We admire a great script.
In our view, a great script is one that hides itself from us. It creates characters we love or hate, and makes us believe on-screen events are unfolding organically.
Such is the case with the 1957 western, Gunfight at the O.K. Corral, the famous story of upright lawman Wyatt Earp and his unlikely partnership with the morally ambiguous Doc Holliday.
The script has all the hallmarks of a great western: memorable lines, interesting characters, and authentic-looking sets. But Gunfight at the O.K. Corral offers something more. It is an unflinching look at how people (us) choose to live their remaining days.
Burt Lancaster is Wyatt Earp, a man who wears his Sense Of Justice as comfortably as his freshly-pressed shirts. Kirk Douglas is Doc Holliday, a former dentist who is “in a state of complete financial collapse” and frequents poker games to support himself.
Kirk as Holliday is not a healthy man, and his illness will likely kill him, if his drinking doesn’t do the job first. He tells Lancaster: “[T]he only thing I’m scared of is dying in bed. I don’t want to go little by little. Someday somebody’s got to outshoot me and it’ll be over real quick.”
He’s not the only one to talk about The End. In one scene, Lancaster meets with an old friend (Frank Faylen), a sheriff who is filled with as much cynicism as you can cram into one fellow. “It’s the end of the line for me,” he tells Lancaster. “Might happen to you someday. Like it happens to all of us.”
Like it happens to all of us. Here’s a screenplay that isn’t afraid to make us face our own mortality. In this film, death is a character sitting at a corner table, calmly sipping a whiskey and studying those around him. (Even the local newspaper is called the Tombstone Epitaph.)
But, given all this, the film doesn’t feel heavy and morbid. That’s because the crackling screenplay gives us hope, as embodied in Wyatt Earp and Holliday’s mistress.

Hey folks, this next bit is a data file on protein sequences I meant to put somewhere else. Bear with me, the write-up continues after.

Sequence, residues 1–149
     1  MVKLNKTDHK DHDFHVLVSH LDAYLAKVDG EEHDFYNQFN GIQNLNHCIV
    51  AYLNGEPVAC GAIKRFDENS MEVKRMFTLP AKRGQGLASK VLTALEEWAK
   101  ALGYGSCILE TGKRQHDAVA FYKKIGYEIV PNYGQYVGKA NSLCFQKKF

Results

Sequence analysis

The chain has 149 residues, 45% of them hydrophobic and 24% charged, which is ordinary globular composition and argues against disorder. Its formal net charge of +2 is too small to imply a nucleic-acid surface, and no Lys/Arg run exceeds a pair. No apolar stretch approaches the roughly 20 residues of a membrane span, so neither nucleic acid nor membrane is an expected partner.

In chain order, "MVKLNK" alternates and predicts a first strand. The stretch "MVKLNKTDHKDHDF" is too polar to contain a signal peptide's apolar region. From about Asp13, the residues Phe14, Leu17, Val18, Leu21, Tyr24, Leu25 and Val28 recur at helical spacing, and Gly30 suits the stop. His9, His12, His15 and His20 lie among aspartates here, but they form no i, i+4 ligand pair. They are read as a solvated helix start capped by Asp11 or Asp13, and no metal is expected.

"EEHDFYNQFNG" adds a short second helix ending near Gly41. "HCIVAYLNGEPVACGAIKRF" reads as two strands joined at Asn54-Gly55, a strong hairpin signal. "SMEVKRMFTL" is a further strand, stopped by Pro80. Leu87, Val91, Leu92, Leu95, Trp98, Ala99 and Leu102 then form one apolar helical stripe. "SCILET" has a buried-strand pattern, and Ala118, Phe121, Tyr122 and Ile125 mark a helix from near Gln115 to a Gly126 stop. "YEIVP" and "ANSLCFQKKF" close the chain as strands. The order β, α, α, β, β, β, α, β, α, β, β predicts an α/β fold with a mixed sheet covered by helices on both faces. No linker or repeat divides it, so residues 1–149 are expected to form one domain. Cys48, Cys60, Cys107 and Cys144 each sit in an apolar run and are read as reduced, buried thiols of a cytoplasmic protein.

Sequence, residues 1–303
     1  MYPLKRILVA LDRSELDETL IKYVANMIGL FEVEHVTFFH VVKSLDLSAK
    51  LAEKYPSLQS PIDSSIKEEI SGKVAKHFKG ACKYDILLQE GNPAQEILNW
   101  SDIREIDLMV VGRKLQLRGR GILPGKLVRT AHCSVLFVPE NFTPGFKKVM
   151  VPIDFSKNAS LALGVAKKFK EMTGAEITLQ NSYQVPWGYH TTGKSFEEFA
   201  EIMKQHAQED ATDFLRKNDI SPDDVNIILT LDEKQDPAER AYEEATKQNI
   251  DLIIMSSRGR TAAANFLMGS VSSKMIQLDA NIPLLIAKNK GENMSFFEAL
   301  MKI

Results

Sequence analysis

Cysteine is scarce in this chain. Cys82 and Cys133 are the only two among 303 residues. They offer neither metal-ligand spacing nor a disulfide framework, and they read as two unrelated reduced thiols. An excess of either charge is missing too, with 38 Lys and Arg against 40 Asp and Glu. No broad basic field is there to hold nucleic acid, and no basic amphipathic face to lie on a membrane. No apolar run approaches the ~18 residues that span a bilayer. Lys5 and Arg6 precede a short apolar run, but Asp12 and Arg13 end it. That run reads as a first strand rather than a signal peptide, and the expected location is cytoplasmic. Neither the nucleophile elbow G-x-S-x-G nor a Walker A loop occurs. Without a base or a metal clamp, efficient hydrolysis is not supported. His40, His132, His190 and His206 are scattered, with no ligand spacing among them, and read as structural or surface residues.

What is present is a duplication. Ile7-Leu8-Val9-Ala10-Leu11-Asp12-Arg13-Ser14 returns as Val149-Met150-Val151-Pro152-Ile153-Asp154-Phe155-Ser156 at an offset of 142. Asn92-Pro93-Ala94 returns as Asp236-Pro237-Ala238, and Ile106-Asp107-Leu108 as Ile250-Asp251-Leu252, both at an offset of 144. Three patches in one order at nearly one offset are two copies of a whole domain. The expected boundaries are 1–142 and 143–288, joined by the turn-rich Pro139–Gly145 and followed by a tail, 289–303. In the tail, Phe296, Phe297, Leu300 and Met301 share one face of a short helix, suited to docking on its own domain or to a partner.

Lancaster’s Earp is content to live his life, catching criminals and doing What Is Right No Matter What. But he shows signs of weariness, and even the great Wyatt Earp ponders his End. “All gunfighters are lonely,” he says. “They die without dime or a woman or a friend.”
Ah, but one day he does meet a woman (Rhonda Fleming) and suddenly there are new possibilities in life. He needs to ask if enforcing the law in Tombstone is really what a man wants; if Tombstone will be the end of the line for him.
But it is Douglas’ on-screen mistress (Jo Van Fleet) who shows us life is worth living. Even though she and Douglas have twisted relationship – as the screenplay makes evident early in the film – she refuses to give up on him. Douglas spews existential rubbish (“We don’t matter, Kate. We haven’t mattered since the day we were born.”), and still she nurses and mothers and loves him. She sees value in him that years of drinking and disappointment have concealed from his view.
This film was written by American novelist Leon Uris, who also wrote the screenplay for Battle Cry as well as lengthy, well-researched tomes like Exodus.
Gunfight at the O.K. Corral was the eighth top-grossing film in 1957, thanks in no small part to its shrewd casting, expert direction, and brilliant, thought-provoking script. But it did not win the Oscar in the category for Best Writing, Story and Screenplay.
It wasn’t even nominated.
The Oscar for best original screenplay that year was awarded to Designing Woman, a delightful romantic comedy.
But certainly no Gunfight at the O.K. Corral.
Gunfight at the O.K. Corral: starring Burt Lancaster, Kirk Douglas, Rhonda Fleming. Directed by John Sturges. Written by Leon Uris. Paramount Pictures Corp., 1957, Colour, 122 mins.
Another review of Shootout/O.K. Corral movies can be found at Ted Hicks’ fab movie blog.
This post is part of the 31 Days of Oscar Blogathon hosted by Once Upon a Screen, Outspoken & Freckled and Paula’s Cinema Club during the month of February. Be sure to read all the other fabulous contributions.